- 2.2SE.1PE: Determining the Number of Subatomic Particles in AtomsHow many prot...
- 2.2SE.2PE: Determining the Number of Subatomic Particles in AtomsHow many prot...
Solutions for Chapter 2.2SE: Chemistry: The Central Science 13th Edition
Full solutions for Chemistry: The Central Science | 13th Edition
The product obtainedfrom 1,2-addition across a conjugated p system.
An OR group.
amino acid residue
The individual repeating units in a polypeptide chain or protein.
A region of a polymer in which nearby chains are not linearly extended and are not parallel to one another.
Compounds that will react with either acids or bases. Amino acids are amphoteric.
A ligand in which two linked coordinating atoms are bound to a metal. (Section 23.3)
An ion in which carbon has an unshared pair of electrons and bears a negative charge.
Chlorofl uorocarbons (CFCs, Freons)
Compounds with one or two carbons, chlorine, and fl uorine, formerly used as refrigerants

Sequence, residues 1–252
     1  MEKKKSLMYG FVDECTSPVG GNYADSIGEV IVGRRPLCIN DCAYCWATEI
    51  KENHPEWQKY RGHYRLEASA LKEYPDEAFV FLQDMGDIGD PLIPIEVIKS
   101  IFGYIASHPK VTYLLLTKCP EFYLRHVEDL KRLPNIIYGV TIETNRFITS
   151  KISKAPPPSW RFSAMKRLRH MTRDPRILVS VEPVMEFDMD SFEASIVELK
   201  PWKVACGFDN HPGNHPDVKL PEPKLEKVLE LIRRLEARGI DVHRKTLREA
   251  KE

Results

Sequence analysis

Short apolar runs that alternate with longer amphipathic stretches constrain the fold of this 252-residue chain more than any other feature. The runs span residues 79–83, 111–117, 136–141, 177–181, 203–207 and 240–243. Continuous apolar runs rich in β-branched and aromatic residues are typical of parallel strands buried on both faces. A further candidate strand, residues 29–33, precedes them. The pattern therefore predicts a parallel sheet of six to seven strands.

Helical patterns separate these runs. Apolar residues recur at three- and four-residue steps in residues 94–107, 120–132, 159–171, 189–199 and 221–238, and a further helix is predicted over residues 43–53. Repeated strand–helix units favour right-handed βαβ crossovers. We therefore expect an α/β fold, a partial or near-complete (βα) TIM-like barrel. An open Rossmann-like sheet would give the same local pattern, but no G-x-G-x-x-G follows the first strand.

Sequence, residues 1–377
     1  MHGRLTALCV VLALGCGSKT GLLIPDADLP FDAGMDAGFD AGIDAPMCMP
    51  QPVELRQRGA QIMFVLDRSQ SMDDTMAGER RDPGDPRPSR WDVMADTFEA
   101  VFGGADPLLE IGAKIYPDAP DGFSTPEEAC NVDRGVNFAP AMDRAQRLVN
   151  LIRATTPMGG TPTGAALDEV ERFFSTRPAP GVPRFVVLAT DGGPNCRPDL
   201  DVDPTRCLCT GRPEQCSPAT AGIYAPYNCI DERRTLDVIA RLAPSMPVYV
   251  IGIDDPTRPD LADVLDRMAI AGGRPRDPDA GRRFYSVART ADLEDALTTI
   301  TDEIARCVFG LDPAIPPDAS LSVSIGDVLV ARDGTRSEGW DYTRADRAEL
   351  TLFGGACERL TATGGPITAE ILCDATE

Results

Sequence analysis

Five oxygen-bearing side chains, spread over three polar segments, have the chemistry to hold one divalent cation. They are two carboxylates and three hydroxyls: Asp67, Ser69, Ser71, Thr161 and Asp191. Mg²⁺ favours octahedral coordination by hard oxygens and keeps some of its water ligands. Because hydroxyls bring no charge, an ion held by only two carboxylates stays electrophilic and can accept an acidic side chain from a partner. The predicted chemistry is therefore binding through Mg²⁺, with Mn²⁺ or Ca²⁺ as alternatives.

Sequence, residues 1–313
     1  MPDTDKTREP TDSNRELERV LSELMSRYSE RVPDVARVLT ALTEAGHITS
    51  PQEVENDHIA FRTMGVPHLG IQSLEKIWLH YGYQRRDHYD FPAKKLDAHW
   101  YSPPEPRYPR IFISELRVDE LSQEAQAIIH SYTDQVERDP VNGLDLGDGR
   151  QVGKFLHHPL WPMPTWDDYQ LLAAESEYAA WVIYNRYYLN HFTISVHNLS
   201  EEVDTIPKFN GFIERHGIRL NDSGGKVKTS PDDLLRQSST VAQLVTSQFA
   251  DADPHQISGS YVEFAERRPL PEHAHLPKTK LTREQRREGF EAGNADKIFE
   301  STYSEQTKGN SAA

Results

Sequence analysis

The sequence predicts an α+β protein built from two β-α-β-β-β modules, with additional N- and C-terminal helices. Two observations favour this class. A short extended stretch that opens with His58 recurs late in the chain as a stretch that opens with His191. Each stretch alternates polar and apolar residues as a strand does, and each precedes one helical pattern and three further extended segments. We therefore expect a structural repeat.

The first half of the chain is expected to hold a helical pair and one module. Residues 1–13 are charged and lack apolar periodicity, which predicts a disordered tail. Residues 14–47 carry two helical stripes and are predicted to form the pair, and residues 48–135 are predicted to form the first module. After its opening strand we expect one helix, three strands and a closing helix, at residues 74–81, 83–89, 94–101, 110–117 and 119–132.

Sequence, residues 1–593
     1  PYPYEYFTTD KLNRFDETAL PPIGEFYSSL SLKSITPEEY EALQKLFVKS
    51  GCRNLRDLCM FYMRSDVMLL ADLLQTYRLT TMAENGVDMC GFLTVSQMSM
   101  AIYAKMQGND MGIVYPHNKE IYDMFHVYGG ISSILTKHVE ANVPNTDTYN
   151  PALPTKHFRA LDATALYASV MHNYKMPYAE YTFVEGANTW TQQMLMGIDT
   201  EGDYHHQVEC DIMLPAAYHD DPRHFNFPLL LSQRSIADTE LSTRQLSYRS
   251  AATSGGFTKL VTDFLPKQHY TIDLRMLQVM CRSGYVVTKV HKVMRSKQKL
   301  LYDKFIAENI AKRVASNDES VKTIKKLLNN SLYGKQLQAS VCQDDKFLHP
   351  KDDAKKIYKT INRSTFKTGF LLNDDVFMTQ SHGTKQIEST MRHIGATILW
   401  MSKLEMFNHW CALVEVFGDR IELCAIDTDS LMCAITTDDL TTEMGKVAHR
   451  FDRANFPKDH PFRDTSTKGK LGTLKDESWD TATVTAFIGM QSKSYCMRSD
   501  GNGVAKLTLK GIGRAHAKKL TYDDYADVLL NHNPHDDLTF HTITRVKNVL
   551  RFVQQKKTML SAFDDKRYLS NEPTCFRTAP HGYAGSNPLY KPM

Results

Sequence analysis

cholesteric liquid crystalline phase
A liquid crystal formed from flat, disc-shaped molecules that align through a stacking of the molecular discs. (Section 11.7)
A compound that reacts with a diene in a Diels-Alder reaction.
A reaction that occurs between chlorobenzene and either NaOH (at high temperature) or NaNH2.
The mass of the collection of atoms represented by a chemical formula. For example, the formula weight of NO2 (46.0 amu) is the sum of the masses of one nitrogen atom and two oxygen atoms. (Section 3.3)
Gibbs free energy (G)
The ultimate arbiter of the spontaneity of a reaction, where DG = DH - T DS.
On an aromatic ring, the C2 position.
An ion in which oxygen bears a positive charge.
Pi (p) bond
A covalent bond formed by the overlap of parallel 2p orbitals.
Light for which all photons have the same polarization, generally formed by passing light through a polarizing filter.
A polymer, comprised of more than one kind of repeating unit, in which there is a random distribution of repeating units.
A starting substance in a chemical reaction; it appears to the left of the arrow in a chemical equation. (Section 3.1)
A voltaic cell that can be recharged. (Section 20.7)
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